Eric Lochner is European managing director at Kenexa. Originally from New York, he has been in the UK since late 2007.
I love being an ex-pat, particularly in Europe, because there are so many different cultures, all within two hours of each other. With Kenexa, HR has helped me at both a home country and local level. The team does everything it can to ensure that I am focused on my day-to-day work, rather than on issues such as foreign taxes.
If I have frustrations, it’s probably about things that are beyond HR’s control. For example, it took me six months to get my TV hooked up – I didn’t even know I had to buy a licence.
It would have been good to know in advance what the working relationship would be like with firms I was expected to work with, such as our auditor. And it would have been helpful for HR to take responsibility for important dates, such as when a visa needed renewing.
If an organisation is investing in an employee to the extent of sending them abroad, there must be a critical business need for the move, so any items not related to their actual work should be outsourced or dealt with by a local HR person.
Once the expat arrives in the new country, HR can’t necessarily step back. It’s not a case of mollycoddling the expat, but of keeping them engaged in what they’re there to do, rather than worrying about non-work administrative issues.
- If you represent a small company with more than a handful of expats, outsource the project to specialists, especially if different time zones are involved.
- Put together a factsheet with information on the professional culture for pre-assignment reading.
- Have a home country HR person who ‘owns’ each ex-pat, so that they have one point of contact.
Jan Woods is chief personnel officer at PepsiCo UK & Ireland. She is English, and has spent almost a decade abroad, in Thailand, South Africa and Hungary.
I enjoy the ex-pat life because as a family we love experiencing other cultures and religions. I have a particular interest in building talent, and there are great opportunities to do so in developing markets.
What really worked for me as an expat was having dedicated HR support. Once on the ground it needed to be support that was locally relevant – operational as well as strategic – which allowed me to land and orientate quickly. If someone’s moving to Russia, expat support out of London won’t be much help. HR departments have failed me in the past when they’ve known nothing about the local market.
At PepsiCo we offer cultural orientation, both on a macro level, covering the culture of the new country, and at a micro level, dealing with the operating norms and principles, and how we work there.
Selecting the right expat is crucial. Candidates need to have a core level of intellectual curiosity about other societies. We organise ‘look, see’ trips to make sure that we give our people the opportunity to say no, and see the full range of life there. When I was managing ex-pats at IMB, about 15 years ago, we treated the whole family as the expat, not just the employee. It worked very well, but I’m not sure if employers can afford to do this today.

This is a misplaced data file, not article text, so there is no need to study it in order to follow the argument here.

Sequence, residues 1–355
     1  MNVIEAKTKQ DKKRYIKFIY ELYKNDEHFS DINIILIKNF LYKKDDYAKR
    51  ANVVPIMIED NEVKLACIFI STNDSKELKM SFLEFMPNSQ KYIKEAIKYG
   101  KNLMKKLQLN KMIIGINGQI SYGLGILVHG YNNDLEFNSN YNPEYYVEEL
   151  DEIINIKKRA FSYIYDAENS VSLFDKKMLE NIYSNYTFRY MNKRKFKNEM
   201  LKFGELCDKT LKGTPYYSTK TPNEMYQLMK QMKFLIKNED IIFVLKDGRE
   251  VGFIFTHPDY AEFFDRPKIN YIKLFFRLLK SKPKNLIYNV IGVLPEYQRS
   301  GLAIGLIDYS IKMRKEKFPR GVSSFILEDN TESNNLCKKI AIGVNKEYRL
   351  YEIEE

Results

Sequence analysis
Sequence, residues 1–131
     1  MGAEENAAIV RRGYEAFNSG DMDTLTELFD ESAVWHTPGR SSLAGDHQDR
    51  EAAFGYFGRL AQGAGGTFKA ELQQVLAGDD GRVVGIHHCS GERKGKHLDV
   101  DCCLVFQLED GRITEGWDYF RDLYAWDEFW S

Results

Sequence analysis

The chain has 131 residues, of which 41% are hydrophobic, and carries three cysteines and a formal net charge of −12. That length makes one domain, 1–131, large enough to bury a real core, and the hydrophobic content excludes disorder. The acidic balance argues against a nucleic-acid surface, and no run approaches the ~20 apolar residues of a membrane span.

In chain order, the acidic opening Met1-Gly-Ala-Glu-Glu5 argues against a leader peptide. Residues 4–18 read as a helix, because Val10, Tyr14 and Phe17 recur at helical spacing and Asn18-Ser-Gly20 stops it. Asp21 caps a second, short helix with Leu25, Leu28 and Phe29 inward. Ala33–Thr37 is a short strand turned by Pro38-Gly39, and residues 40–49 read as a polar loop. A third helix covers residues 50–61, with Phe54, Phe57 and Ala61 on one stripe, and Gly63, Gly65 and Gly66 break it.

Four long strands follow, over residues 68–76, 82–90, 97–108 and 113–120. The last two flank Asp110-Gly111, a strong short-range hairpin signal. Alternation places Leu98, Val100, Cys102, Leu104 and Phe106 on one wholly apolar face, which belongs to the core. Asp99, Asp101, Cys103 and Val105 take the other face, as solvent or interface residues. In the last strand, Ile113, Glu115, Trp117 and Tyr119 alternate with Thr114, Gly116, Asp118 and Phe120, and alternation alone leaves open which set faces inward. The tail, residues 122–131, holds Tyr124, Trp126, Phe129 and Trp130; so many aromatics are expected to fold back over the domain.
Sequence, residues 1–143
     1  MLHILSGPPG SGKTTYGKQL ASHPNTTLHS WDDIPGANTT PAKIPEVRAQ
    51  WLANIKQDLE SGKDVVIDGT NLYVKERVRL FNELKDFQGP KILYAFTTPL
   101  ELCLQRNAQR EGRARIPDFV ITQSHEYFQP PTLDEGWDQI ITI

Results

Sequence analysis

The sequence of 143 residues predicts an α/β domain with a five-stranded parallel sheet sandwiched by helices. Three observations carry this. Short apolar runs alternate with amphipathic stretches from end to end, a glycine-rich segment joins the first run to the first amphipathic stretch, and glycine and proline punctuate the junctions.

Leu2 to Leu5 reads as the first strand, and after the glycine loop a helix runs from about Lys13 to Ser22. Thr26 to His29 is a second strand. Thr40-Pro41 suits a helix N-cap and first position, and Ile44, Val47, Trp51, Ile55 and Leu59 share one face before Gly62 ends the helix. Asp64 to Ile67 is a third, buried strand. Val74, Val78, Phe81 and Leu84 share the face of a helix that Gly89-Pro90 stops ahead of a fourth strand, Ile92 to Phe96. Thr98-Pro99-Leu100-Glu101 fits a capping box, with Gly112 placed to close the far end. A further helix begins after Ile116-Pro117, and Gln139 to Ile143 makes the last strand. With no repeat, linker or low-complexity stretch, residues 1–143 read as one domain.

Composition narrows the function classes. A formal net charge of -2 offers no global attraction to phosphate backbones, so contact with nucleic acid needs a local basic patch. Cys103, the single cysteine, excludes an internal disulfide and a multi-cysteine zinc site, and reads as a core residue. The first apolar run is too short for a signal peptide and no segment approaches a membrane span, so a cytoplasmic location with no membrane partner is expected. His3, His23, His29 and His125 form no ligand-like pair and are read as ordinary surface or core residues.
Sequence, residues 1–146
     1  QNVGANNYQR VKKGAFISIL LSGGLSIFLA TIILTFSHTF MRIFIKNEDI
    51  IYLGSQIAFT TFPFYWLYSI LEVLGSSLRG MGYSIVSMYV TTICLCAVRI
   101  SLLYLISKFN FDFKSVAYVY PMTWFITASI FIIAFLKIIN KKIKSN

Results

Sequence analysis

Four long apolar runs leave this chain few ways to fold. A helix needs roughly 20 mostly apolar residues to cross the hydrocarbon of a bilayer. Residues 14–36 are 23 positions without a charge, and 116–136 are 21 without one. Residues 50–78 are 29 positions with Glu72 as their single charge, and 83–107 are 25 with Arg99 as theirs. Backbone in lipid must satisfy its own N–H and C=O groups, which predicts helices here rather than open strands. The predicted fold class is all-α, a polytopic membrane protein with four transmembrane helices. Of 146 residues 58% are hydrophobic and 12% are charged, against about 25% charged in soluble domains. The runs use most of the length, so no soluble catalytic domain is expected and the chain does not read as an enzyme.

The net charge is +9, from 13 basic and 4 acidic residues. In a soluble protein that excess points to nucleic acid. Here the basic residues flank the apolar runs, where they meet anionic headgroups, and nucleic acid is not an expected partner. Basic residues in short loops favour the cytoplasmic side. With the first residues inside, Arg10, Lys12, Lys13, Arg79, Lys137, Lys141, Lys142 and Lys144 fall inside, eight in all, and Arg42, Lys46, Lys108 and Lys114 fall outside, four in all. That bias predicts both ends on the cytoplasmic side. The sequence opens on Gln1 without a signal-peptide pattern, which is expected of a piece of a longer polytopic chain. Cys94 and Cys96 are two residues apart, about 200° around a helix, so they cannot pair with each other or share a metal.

- Where possible, experience expat life yourself.
- Before they move abroad, listen carefully to the expat and their family. One family’s needs are very different to another’s.
- Recognise that the expat is new to the market – the first year can be incredibly tough. Be patient.
Mark Thompson is a director at PricewaterhouseCoopers’ sustainability and climate change advisory practice. He is English, and spent two years in Moscow with his wife and children.
I loved being an expat because of the challenge and amusement involved in doing everything differently. Buying groceries, dealing with colleagues, surviving the weather – all call for a slightly different attitude and approach and bring huge satisfaction when you get it right.
Our global mobility programme, an international development and resourcing scheme, has developed a lot since I started in my current role. Last year, almost 3,500 employees from 103 countries were posted internationally.
Being able to hit the ground running is so important – you need all the right information, contacts and processes to fit together to make that happen. Ultimately we settled and enjoyed our stay in Moscow, but the arrival could have been smoother for my family.
Local support within the host country is more important than having HR contacts back home. Although I had experience on the ground in Moscow, having local contacts, particularly in work, is really important. Our programme helps expats to find out about schools, lifestyle and so on in advance. The company also tracks secondments with home and host country ambassadors, as a way of maintaining contact.
- Make sure the various processes fit together, particularly once the employee is on the ground.
- Make sure the domestic side of things works: accommodation, schools, personal tax advice, and so on.
- Keep communication going. It’s important for the expat to be kept up to date with what’s going on at home.
- Recognise that the return may be more challenging than the outward move.